Life expectancy, which averaged 51 years in 1969, is now over 74. Literacy leapt to 88 percent. Per capita annual income grew to above $12,000 in recent years, though the figure is markedly lower than that found in many oil-rich countries. Yet Colonel Qaddafi warned his people that the oil would not last.
“Petroleum societies are lazy everywhere,” he observed. “People are used to having more money and want everything available. This revolution wants to change this life and to promote production and work, to produce everything by our hands. But the people are lazy.”
The Guiding Philosophy
The mercurial changes in policy and personality that kept Libyans off balance began in earnest with the three volumes of his Green Book, published from 1976 to 1979. (Green, he explained, was for both Islam and agriculture.) The book offered his “third universal theory” to improve on capitalism and socialism, and elevated the mundane to the allegedly profound, condemning sports like boxing as barbarism and pointing out that men and women are different because women menstruate.
Colonel Qaddafi also introduced Orwellian revolutionary committees in every neighborhood to purge the country of the ideologically unsound, calling it “people power.” He began foisting social experiments on Libyans.
Once he demanded that all Libyans raise chickens to promote self-sufficiency, even deducting the costs of cages from their wages. “It made no sense to raise chickens in apartments,” said Mansour O. El-Kikhia, a Qaddafi biographer at the University of Texas and a member of an opposition family. “People slaughtered the chickens, ate them and used the cages as dish racks.”
Colonel Qaddafi said women were not equal to men, but he exhibited them as a symbol of the success of the Libyan revolution. None had a higher profile than his phalanx of female bodyguards, in camouflage fatigues, red nail polish and high-heeled sandals, and carrying submachine guns.
To consolidate his power, Colonel Qaddafi tried to eliminate or isolate all of the 11 other members of the original Revolutionary Command Council. Strikes or unauthorized news reports resulted in prison sentences, and illegal political activity was punishable by death. Western books were burned, and private enterprise was banned. Libyan intelligence agents engaged in all manner of skulduggery, reaching overseas to kidnap and assassinate opponents.
He vowed to turn Libya into an agriculture powerhouse through the Great Man-Made River, a grandiose $20 billion project to pump water from aquifers underneath the Sahara and send it over 1,200 miles to the coast through a gargantuan pipeline.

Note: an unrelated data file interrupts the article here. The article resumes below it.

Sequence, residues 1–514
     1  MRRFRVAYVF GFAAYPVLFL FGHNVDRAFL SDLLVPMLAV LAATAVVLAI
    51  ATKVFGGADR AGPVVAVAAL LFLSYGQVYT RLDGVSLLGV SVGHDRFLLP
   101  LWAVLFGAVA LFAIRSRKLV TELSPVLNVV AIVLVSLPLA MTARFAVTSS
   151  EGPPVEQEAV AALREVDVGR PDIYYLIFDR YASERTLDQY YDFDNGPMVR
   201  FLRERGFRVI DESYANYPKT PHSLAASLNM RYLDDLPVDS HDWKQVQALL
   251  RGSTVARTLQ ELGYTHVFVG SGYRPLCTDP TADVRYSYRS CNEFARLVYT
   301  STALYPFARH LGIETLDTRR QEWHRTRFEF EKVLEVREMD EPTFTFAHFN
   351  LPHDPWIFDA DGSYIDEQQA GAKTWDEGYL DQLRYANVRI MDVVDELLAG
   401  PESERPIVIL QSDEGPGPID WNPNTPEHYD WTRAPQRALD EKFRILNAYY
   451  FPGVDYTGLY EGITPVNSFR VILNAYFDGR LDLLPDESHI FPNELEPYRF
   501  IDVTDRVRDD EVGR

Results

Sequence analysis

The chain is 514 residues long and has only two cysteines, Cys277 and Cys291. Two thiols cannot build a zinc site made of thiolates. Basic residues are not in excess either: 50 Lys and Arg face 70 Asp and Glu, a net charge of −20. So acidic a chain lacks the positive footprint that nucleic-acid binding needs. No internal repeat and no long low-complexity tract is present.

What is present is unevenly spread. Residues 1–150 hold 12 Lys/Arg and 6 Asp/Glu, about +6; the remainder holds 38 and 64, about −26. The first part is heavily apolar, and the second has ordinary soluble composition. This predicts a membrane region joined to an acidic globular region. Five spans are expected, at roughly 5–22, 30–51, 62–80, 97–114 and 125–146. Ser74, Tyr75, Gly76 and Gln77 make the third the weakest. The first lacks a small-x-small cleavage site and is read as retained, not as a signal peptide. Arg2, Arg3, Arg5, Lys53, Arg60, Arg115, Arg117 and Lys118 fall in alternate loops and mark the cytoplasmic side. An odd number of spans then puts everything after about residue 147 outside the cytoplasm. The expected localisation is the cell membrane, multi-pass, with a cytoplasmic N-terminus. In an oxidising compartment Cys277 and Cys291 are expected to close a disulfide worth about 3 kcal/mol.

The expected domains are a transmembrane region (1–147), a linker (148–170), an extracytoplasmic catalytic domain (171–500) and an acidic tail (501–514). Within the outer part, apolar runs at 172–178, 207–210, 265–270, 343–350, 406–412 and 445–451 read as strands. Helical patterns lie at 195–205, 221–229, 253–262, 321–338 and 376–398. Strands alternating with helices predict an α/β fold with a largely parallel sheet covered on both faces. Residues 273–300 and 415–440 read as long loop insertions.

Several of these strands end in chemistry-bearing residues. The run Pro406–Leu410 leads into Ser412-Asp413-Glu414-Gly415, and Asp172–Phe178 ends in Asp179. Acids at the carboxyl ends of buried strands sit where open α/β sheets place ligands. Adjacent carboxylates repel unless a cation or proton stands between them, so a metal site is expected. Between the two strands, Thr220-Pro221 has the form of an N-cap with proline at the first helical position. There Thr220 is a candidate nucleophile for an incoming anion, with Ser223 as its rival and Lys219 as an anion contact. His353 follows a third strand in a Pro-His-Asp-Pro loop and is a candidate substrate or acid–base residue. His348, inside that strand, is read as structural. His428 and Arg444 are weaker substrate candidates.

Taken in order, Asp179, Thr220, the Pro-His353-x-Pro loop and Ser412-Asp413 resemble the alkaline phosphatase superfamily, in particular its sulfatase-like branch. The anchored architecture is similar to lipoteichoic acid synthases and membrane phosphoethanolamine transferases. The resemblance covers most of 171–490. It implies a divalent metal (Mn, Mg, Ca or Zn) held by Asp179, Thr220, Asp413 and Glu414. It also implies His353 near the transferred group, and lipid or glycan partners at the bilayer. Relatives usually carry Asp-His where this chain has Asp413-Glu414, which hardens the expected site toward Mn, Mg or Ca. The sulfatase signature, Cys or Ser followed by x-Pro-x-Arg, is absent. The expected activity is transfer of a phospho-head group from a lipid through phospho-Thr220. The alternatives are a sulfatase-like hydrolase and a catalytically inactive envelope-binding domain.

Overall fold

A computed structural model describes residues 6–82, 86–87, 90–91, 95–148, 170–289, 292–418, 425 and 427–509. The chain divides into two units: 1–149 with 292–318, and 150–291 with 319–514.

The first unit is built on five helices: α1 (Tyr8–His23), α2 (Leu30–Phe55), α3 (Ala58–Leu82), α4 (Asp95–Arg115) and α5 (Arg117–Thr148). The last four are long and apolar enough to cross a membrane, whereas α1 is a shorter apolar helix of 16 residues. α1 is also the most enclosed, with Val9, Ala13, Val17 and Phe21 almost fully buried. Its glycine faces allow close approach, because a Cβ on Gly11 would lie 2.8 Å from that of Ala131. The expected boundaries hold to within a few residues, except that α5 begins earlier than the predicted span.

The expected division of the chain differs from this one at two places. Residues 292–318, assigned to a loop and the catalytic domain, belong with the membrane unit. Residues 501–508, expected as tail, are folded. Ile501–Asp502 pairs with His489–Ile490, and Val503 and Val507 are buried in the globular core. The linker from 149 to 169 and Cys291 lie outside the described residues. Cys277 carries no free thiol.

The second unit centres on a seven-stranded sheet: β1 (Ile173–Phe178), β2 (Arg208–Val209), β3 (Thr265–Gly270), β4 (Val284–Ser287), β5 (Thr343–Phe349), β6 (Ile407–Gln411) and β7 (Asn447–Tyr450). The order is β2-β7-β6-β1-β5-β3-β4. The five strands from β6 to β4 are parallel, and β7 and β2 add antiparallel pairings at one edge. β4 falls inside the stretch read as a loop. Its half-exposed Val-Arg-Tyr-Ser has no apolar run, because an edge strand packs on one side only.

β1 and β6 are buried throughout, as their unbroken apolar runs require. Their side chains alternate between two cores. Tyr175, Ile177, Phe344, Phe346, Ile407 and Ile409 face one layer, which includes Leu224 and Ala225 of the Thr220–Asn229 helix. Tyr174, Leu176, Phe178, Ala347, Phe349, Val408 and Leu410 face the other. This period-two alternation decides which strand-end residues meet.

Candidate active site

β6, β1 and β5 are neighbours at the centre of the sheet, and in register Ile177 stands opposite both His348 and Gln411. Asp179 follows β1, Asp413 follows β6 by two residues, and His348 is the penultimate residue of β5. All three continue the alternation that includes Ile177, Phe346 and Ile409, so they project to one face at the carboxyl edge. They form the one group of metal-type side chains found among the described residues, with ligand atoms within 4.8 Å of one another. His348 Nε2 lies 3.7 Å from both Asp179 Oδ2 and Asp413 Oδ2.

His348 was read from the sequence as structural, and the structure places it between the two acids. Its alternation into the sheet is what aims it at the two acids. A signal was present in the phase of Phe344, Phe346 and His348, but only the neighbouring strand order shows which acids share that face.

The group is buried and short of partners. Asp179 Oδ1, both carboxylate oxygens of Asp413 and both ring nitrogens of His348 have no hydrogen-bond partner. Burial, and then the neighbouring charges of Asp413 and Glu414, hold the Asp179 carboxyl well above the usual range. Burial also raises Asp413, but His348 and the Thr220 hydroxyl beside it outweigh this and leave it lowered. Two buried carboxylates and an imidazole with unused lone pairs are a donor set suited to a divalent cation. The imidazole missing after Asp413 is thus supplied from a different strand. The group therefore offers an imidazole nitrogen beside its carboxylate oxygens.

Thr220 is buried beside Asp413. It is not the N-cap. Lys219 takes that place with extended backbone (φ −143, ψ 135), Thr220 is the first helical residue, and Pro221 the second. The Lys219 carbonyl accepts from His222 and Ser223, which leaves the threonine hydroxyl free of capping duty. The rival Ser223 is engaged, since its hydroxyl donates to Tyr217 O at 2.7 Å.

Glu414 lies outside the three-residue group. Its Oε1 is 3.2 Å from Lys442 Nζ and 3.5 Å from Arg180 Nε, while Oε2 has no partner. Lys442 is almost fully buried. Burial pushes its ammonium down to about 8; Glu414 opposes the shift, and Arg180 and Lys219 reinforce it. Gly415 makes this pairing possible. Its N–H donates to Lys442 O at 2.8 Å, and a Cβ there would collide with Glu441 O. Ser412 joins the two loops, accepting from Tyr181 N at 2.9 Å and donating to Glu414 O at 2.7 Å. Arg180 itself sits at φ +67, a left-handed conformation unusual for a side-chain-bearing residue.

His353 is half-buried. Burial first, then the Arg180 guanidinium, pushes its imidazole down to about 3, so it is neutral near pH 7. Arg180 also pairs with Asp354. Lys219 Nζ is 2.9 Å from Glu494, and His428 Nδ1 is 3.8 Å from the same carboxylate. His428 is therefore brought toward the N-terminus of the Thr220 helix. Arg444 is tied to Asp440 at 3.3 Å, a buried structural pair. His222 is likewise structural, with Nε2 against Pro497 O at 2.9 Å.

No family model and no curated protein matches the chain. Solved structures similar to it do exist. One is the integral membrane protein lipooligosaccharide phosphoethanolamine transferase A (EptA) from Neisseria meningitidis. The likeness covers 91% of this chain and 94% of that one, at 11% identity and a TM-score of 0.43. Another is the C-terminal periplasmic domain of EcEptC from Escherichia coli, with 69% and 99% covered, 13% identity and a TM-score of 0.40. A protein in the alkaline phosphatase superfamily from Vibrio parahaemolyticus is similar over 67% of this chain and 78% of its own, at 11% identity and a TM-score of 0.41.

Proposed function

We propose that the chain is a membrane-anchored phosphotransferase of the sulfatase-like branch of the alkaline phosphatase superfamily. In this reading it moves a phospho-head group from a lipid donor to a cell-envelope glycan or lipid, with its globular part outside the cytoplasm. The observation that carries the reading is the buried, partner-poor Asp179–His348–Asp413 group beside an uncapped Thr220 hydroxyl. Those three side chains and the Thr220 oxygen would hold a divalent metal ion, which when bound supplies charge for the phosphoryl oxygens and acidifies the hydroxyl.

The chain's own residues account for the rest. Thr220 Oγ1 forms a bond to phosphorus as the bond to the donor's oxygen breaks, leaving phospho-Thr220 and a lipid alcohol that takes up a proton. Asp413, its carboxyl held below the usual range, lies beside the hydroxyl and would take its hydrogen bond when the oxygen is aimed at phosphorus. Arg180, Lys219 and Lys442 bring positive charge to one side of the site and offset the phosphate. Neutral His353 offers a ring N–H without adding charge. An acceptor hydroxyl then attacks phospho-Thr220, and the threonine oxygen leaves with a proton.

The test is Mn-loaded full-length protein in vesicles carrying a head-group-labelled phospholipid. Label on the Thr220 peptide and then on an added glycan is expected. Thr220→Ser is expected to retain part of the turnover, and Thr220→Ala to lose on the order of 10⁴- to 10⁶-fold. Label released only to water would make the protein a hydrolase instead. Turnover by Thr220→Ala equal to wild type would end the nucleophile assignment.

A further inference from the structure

Meanwhile he was cementing Libya’s rogue-state status by bankrolling terrorist and guerrilla organizations, including Abu Nidal, the radical Palestinian organization, and the violent Red Army Faction in Europe. At least a dozen coups or coup attempts in Africa were traced to his backing. That set him on a collision course with the West.
In the early 1980s, President Reagan closed the Libyan Embassy in Washington, suspended oil imports and shot down two Libyan fighters after Colonel Qaddafi tried to extend Libya’s territorial waters across the Gulf of Sidra.
In London in 1984, gunshots from the Libyan Embassy killed a police officer and wounded 11 demonstrators. In 1986, Libyan agents were linked to the bombing of a disco in West Berlin, killing two American service members and a Turkish woman and wounding 200 people.
President Reagan retaliated 10 days later by bombing targets in Libya, including Colonel Qaddafi’s residence in his compound at the Bab al-Aziziya barracks in Tripoli.
He preserved the wreckage of the house as a symbol of American treachery and, in front of it, installed a sculpture of a giant fist crushing an American jet fighter. It became his preferred stage for major events; his major speech during the 2011 uprising was delivered from the first floor.
During the ’80s, Colonel Qaddafi also invaded Chad after encroaching on its border for years. Chad finally defeated the effort in 1987 with French and American military aid.
The Lockerbie Bombing
In 1988, in the deadliest terrorist act linked to Libya, 259 people aboard Pan Am Flight 103 died when the plane exploded in midair over Lockerbie. The falling wreckage killed 11 people on the ground. Libyan agents were also believed to have been behind the explosion of a French passenger jet over Niger in 1989, killing 170 people.
Nearly a decade of international isolation started in 1992, after Libya refused to hand over two suspects indicted by the United States and Britain in the Lockerbie bombing. France also sought four suspects in the Niger bombing, among them Abdullah Senussi, a brother-in-law of Colonel Qaddafi’s and the head of external intelligence. He was convicted in absentia.